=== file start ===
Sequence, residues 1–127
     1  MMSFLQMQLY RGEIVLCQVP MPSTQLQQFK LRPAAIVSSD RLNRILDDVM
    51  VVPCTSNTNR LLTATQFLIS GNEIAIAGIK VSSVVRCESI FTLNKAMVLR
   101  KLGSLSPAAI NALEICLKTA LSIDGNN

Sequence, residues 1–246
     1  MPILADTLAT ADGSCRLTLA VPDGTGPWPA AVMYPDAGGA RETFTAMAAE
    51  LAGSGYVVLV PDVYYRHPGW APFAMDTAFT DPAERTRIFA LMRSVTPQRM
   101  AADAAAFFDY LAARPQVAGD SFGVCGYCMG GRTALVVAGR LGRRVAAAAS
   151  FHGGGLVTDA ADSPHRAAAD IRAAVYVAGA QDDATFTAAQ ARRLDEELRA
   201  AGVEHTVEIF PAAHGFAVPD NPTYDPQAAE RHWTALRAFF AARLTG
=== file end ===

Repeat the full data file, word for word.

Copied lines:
Sequence, residues 1–127
     1  MMSFLQMQLY RGEIVLCQVP MPSTQLQQFK LRPAAIVSSD RLNRILDDVM
    51  VVPCTSNTNR LLTATQFLIS GNEIAIAGIK VSSVVRCESI FTLNKAMVLR
   101  KLGSLSPAAI NALEICLKTA LSIDGNN

Sequence, residues 1–246
     1  MPILADTLAT ADGSCRLTLA VPDGTGPWPA AVMYPDAGGA RETFTAMAAE
    51  LAGSGYVVLV PDVYYRHPGW APFAMDTAFT DPAERTRIFA LMRSVTPQRM
   101  AADAAAFFDY LAARPQVAGD SFGVCGYCMG GRTALVVAGR LGRRVAAAAS
   151  FHGGGLVTDA ADSPHRAAAD IRAAVYVAGA QDDATFTAAQ ARRLDEELRA
   201  AGVEHTVEIF PAAHGFAVPD NPTYDPQAAE RHWTALRAFF AARLTG